By Roberto Luigi Cazzato, MD, PhD
University Hospital of Strasbourg
Since its genesis in the ‘60s, interventional radiology (IR) has considerably developed, with a growing number and variety of image-guided procedures. Nowadays, there is no single organ that could not be approached with at least one IR procedure, which explains the reason why all the multidisciplinary staffs are constantly advocating for an interventionalist to take part to. Moreover, interventionalists are starting to run out- and in-patient clinics, which substantially increases their clinical burden. Nevertheless, to push further the development of IR, interventionalists definitively need to address several still unmet challenges including lack in many areas of IR-tailored reimbursements, lack of robust data supporting IR treatments within national and international guidelines, lack of direct patients’ referral, etc.
To afford all these challenges along with the increasing clinical burden, there is one only action to take: invest in youth (!), since any society lacking new energies is a dead society!
Investing in youth practically means to:
a) increase the number of radiologists pursuing an IR career; and
b) structure and ameliorate the IR education pathway through Europe.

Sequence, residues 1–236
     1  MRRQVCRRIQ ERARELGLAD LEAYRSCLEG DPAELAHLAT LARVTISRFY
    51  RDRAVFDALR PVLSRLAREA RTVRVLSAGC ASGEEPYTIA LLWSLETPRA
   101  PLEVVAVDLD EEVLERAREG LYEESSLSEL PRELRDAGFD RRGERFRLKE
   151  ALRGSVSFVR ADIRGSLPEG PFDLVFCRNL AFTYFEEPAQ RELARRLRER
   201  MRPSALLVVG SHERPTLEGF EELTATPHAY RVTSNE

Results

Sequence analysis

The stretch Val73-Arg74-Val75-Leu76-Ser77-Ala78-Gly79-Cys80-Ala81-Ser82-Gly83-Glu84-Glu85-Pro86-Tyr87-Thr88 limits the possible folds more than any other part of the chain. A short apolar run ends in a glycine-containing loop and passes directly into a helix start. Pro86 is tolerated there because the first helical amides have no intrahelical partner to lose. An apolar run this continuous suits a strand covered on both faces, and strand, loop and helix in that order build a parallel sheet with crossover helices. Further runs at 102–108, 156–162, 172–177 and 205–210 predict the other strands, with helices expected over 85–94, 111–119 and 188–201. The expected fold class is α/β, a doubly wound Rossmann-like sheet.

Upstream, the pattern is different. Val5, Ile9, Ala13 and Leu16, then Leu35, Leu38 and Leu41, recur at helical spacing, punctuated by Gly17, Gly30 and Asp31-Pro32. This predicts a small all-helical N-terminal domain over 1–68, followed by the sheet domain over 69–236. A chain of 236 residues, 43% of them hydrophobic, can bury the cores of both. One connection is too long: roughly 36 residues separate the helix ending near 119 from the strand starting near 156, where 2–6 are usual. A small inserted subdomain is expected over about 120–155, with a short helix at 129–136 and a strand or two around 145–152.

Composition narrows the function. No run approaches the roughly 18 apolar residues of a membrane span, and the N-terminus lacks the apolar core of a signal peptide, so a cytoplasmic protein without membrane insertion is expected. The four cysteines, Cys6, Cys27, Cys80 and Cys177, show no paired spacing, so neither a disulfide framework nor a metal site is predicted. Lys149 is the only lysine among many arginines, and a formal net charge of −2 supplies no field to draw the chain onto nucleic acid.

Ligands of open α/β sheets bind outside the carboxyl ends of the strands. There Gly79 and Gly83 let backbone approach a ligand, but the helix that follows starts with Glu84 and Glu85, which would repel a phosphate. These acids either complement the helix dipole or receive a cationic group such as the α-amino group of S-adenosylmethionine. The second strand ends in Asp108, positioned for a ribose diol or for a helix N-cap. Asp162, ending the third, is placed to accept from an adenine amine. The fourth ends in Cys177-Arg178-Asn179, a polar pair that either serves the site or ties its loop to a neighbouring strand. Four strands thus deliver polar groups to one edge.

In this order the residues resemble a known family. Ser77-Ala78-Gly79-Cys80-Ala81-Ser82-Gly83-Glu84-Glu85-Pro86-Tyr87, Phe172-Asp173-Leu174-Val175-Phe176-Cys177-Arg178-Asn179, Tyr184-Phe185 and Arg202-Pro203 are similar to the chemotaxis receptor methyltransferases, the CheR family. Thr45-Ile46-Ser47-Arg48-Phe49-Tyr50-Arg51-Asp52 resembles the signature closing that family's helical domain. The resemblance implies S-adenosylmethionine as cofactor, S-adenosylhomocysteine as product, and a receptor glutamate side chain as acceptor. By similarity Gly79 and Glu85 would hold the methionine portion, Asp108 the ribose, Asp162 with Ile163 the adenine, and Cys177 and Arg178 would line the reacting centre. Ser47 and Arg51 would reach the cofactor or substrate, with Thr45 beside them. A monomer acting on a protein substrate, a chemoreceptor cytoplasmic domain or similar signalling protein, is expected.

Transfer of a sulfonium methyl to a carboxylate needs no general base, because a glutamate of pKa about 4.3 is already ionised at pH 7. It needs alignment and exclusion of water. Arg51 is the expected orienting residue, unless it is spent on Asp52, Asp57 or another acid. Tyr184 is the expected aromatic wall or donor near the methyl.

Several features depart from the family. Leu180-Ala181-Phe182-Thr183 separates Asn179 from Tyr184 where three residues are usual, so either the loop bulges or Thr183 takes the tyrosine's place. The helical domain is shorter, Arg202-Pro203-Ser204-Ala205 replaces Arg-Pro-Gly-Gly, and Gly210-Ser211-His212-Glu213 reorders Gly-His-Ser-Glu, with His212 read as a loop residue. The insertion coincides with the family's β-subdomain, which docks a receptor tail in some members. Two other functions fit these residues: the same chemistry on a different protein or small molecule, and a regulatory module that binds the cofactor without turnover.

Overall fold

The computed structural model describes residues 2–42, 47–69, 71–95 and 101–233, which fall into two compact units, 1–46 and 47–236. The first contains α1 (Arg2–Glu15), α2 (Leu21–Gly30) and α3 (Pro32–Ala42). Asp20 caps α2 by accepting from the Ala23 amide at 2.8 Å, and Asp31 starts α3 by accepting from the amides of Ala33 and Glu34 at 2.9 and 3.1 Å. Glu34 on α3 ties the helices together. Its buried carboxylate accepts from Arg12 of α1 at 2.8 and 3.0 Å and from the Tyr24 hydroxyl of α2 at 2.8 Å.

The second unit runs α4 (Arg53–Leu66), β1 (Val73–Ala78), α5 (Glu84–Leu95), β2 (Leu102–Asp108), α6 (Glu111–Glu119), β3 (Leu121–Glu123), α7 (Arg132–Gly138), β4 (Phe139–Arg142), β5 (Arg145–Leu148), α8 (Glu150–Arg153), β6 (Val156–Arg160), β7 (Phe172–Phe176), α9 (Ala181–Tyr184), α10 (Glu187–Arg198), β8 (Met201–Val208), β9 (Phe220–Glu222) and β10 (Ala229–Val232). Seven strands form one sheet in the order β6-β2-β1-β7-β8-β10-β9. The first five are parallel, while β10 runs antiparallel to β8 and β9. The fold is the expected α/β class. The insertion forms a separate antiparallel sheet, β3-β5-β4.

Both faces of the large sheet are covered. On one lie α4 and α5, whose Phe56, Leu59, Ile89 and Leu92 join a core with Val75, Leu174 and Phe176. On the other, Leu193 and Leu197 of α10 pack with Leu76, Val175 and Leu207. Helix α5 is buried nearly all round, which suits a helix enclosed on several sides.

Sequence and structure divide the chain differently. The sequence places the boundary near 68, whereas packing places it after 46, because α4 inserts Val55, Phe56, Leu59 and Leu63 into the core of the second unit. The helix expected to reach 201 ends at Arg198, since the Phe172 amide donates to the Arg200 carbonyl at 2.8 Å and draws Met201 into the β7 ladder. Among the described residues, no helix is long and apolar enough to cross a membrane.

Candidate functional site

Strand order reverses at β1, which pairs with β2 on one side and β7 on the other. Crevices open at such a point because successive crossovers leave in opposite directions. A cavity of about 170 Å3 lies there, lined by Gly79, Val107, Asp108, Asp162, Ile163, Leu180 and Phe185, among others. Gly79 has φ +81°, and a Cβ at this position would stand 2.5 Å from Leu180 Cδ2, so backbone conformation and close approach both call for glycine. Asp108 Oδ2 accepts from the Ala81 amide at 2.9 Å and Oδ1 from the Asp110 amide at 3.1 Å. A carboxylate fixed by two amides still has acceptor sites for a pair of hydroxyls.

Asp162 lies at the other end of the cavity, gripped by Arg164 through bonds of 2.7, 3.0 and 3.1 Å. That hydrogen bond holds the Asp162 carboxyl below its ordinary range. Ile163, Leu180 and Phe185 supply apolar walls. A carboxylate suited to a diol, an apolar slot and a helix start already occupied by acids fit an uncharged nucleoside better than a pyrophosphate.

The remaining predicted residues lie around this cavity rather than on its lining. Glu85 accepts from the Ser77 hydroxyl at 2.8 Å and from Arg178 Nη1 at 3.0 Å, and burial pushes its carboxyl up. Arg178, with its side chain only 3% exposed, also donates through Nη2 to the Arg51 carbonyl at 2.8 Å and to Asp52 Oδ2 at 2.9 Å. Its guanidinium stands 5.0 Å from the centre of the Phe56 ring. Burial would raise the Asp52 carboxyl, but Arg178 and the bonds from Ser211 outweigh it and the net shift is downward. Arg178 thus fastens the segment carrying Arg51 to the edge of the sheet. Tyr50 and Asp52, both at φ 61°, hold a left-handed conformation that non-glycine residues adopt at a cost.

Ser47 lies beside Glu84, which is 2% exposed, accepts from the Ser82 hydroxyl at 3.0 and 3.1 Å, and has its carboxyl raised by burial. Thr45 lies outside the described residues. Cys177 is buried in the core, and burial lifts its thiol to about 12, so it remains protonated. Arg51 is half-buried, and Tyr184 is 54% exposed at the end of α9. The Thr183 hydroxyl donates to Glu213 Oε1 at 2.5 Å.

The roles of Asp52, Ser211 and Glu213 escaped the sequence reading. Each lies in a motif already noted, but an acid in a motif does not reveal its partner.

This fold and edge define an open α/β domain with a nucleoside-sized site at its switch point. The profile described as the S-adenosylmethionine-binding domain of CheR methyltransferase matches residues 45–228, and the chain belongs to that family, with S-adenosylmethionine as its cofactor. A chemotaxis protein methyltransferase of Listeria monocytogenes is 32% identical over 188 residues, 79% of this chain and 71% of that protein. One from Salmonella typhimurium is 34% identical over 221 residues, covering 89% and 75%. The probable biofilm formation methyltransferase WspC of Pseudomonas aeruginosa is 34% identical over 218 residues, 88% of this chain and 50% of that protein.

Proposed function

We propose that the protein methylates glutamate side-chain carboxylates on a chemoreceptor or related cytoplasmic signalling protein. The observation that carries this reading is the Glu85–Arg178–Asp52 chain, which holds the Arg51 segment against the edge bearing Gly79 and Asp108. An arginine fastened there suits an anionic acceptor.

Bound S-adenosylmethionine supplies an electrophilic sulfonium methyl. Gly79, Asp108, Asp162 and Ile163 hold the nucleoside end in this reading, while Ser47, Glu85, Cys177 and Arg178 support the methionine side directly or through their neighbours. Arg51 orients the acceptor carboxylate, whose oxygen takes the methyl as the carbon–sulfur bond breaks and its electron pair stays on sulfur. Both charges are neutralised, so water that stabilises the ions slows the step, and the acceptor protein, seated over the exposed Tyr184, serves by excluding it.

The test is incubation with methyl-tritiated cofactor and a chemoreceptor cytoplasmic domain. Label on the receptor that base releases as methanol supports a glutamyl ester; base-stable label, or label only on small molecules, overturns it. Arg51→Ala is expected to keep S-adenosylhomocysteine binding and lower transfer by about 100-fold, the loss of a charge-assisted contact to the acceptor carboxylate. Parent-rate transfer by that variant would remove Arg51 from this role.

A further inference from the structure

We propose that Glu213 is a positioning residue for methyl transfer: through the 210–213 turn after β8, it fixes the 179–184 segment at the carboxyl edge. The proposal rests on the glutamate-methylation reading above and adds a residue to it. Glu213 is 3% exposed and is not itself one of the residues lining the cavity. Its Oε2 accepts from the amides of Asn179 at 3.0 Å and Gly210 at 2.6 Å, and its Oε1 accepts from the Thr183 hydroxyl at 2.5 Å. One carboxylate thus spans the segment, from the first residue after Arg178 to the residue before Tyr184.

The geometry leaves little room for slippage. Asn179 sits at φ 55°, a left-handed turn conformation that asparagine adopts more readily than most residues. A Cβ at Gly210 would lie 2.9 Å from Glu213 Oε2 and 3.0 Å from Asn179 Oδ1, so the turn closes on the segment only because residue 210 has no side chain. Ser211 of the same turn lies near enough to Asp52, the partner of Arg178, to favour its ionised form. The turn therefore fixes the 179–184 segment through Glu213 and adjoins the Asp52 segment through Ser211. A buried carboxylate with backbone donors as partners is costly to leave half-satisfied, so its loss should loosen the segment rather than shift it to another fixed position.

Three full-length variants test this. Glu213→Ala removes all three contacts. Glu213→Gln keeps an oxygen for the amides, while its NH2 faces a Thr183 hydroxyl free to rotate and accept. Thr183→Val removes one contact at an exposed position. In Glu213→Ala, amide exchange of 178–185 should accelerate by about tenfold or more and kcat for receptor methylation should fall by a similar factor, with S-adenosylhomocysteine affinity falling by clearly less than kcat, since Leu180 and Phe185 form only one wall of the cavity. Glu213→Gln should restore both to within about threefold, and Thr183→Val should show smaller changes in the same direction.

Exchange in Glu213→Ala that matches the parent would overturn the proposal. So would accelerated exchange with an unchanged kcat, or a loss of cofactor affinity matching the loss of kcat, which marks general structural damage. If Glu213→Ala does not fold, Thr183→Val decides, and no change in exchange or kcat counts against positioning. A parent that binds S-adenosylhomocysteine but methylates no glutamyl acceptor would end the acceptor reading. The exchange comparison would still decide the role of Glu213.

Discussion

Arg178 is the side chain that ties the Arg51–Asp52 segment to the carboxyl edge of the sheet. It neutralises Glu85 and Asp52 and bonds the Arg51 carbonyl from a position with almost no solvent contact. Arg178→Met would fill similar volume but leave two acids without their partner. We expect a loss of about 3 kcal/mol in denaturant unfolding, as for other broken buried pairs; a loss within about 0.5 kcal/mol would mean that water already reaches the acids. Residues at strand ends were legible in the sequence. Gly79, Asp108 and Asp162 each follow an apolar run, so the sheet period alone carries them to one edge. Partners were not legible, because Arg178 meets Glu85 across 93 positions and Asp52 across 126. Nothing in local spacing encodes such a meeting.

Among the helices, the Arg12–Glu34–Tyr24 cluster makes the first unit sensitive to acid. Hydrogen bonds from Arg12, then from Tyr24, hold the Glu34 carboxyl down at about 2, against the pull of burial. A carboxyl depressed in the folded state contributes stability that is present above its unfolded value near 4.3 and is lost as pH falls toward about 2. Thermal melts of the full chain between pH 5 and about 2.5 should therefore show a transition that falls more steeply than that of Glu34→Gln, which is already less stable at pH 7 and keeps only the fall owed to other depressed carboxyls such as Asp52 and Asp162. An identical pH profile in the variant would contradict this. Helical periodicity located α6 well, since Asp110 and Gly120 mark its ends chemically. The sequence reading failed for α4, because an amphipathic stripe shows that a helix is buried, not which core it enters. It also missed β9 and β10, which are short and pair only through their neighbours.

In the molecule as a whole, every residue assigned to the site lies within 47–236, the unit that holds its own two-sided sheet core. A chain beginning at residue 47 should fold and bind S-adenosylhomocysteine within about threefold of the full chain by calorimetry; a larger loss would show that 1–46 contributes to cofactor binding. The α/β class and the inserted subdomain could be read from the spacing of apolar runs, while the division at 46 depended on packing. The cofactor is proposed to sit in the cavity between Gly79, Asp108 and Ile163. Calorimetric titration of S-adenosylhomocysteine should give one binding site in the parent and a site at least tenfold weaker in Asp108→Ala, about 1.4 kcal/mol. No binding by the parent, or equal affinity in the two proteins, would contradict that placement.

In this perspective, CIRSE and its European Trainee Forum (ETF) have been working very hard to drive this youth-oriented vision. As non-exhaustive examples, one could notice that around 200 medical students take part every year to the CIRSE annual meeting; or that an active promotion of the European Board of Interventional Radiology (EBIR) exam is constantly conducted among young interventionalists with the intent of providing them with an official and standardized tool they can use to affirm themselves as the “maîtres” of the discipline on a national and international basis.
However, these inspirational drivers are a “drop in the ocean”, and the contribution of all of us is needed to positively impact both the number of future interventionalists and the quality of their education. In this perspective, simple actions such as mentoring a medical student during its training in our departments may have huge impacts! So, the time to act is now and the responsibility of the future developments of our discipline is in our hands! No doubt that thinking and acting collectively with a pronounced youth-oriented vision will substantially contribute to positively shape the bright future IR is destined to.